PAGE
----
We’re thinking about selling our back split. My husband noticed a crack in the foundation by the basement window. Should we be concerned? – CRACKED
DEAR CRACKED: It sounds like a typical “step crack”, which is somewhat common in this style of home. Foundation cracks are quite common in general, as concrete tends to crack as it dries. In my experience, it’s rare to find a home that doesn’t have a foundation crack somewhere, even if the home is new.
The first thing to do is establish whether or not the crack is “active” (leaking), which is easier to do if your basement is unfinished. If the crack has leaked at some point, there will be “efflorescence” on the inside of the concrete wall, which shows up as a white powdery residue around the crack itself. Efflorescence indicates that water has moved through the foundation wall and carried mineral residue to the surface.
Whether the crack is active currently or has been previously, my suggestion is the same: get in front of the issue before it affects the sale of your home. There are a number of reputable local companies who can fill a foundation crack from the inside and provide up to a lifetime guarantee that it won’t leak again (I would be happy to recommend someone to you). When you have the repair done, ensure that your guarantee is transferable to a new owner and provide the associated paperwork with the sale.
A branch from my neighbour’s tree broke off and went through the roof of my garage. Who is responsible to pay for the damage? – FALLEN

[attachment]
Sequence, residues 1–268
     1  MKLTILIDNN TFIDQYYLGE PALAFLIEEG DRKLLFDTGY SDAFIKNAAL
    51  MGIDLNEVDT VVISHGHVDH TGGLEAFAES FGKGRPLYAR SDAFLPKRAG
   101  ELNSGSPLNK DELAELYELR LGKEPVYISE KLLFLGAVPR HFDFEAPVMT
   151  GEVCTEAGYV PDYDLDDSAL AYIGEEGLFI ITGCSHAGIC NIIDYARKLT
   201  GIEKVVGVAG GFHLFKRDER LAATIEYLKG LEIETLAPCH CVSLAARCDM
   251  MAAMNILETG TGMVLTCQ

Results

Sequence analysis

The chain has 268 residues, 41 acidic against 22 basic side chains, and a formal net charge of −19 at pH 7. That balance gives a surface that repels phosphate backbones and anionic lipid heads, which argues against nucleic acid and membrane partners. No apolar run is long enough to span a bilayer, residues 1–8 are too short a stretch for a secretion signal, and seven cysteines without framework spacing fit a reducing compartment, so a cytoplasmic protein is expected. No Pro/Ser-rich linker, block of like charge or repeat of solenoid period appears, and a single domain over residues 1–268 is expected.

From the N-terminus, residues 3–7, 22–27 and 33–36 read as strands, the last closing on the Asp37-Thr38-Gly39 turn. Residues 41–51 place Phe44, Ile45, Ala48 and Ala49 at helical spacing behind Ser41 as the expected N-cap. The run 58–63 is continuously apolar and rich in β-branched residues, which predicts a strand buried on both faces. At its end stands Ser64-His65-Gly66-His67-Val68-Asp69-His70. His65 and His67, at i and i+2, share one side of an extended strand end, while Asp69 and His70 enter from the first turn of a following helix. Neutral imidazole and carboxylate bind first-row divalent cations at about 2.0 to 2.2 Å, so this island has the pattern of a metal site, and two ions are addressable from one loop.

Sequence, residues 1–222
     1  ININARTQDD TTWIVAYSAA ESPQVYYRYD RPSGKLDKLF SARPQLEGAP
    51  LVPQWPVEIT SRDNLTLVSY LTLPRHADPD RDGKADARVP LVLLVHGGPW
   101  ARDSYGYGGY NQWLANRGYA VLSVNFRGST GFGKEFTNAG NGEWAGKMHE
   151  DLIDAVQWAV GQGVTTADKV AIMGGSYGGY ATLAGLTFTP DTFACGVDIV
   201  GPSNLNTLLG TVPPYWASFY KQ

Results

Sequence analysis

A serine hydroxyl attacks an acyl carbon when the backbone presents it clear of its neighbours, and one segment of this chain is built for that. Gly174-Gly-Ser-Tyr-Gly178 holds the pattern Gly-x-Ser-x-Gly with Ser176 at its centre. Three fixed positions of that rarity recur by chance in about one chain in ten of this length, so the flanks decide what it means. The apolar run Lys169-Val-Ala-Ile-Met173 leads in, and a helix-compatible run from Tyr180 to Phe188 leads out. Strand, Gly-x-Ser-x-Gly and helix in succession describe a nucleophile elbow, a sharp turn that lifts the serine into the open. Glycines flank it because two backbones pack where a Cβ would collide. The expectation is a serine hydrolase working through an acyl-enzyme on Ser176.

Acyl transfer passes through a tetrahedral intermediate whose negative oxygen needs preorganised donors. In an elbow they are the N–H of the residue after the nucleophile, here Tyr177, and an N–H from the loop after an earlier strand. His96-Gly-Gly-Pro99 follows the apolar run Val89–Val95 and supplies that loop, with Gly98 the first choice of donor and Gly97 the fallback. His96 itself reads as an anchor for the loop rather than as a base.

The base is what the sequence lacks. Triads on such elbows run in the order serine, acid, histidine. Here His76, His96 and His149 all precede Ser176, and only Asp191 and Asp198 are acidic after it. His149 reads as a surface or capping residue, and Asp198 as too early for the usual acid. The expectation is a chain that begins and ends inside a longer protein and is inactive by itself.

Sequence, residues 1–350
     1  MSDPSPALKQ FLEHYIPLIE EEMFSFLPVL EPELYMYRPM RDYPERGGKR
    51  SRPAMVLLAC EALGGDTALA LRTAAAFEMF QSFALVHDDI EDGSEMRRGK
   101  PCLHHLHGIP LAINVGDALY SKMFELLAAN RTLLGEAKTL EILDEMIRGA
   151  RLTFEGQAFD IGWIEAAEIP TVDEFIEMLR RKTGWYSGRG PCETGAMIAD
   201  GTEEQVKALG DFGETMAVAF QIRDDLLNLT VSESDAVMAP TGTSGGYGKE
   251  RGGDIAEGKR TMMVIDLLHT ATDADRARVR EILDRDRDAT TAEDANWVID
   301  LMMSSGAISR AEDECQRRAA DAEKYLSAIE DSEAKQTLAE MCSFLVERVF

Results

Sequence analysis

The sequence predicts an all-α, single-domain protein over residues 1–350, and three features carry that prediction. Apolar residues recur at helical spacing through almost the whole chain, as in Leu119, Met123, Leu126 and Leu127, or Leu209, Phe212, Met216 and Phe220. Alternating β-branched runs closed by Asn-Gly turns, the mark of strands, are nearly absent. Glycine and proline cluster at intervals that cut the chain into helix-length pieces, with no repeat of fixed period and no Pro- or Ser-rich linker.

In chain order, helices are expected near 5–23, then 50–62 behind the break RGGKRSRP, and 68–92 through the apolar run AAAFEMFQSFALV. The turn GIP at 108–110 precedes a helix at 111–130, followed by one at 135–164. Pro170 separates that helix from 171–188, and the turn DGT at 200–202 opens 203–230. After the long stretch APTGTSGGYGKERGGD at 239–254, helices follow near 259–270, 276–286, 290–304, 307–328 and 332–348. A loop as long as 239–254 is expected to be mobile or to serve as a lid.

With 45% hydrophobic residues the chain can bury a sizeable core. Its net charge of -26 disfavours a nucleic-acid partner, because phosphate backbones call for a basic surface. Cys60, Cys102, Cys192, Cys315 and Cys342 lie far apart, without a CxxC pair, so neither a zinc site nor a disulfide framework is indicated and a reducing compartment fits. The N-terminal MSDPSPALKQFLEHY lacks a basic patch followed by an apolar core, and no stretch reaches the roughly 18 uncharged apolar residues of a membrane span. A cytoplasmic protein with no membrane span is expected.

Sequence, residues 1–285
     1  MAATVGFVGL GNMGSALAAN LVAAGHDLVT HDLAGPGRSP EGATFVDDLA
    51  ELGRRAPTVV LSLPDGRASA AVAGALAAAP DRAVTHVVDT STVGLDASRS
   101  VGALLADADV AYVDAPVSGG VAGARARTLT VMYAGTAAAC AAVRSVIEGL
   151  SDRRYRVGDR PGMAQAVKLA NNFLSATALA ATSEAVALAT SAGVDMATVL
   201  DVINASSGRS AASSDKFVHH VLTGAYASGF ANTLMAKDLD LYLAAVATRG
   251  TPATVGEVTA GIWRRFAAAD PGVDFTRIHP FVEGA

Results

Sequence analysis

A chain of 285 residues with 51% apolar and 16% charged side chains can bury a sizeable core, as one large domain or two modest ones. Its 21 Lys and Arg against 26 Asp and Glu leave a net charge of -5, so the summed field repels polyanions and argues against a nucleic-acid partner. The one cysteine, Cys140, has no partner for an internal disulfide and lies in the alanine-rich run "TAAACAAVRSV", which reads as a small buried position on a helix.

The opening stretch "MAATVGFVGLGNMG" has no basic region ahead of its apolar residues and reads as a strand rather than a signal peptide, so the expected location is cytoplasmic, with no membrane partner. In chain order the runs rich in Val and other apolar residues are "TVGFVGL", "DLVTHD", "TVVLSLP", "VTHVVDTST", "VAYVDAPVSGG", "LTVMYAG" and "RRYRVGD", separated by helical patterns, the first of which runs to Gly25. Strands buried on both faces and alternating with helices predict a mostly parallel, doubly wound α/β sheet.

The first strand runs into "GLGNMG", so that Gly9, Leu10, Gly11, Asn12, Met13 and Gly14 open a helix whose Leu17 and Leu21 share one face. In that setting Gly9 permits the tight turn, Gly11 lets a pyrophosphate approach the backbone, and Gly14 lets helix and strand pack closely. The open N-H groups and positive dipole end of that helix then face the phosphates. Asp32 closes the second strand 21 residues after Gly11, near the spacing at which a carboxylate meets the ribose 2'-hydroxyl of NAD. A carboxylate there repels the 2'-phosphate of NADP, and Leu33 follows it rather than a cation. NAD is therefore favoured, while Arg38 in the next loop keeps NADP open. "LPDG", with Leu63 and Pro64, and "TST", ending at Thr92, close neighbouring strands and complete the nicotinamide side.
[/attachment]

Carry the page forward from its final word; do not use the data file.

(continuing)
DEAR FALLEN: Generally speaking, the damage should be covered under your homeowner’s insurance, no matter whose tree the offending branch came from. According to real estate Lawyer Mark Weisleder, Canadian court precedent suggests that responsibility lies with a homeowner to protect themselves from damage, or suffer the consequences. Depending on the amount of your deductible, you’ll need to decide whether filing a claim makes sense for you.
We’re looking at renting a commercial space. The landlord is suggesting either a 3-year or 5-year lease. Which should we consider? – READY TO SIGN
DEAR READY: There are advantages to both. The 3-year option means less commitment, while a 5-year lease locks in your rate, so you know for certain what you’ll pay in rent during the lease period.
Depending on the stability of your business (and whether the space you are considering is likely to suit you for the next 5 to 10 years), you’ll want to ensure that your lease provides two or three renewal options. Generally, your rate for the coming term will be negotiated and set at the time of renewal, typically about 3 to 6 months before the lease expires. With a renewal option in place, you can renew your lease and stay longer if you wish, as long as you are not in default. Alternately, you can choose not to renew and vacate the space.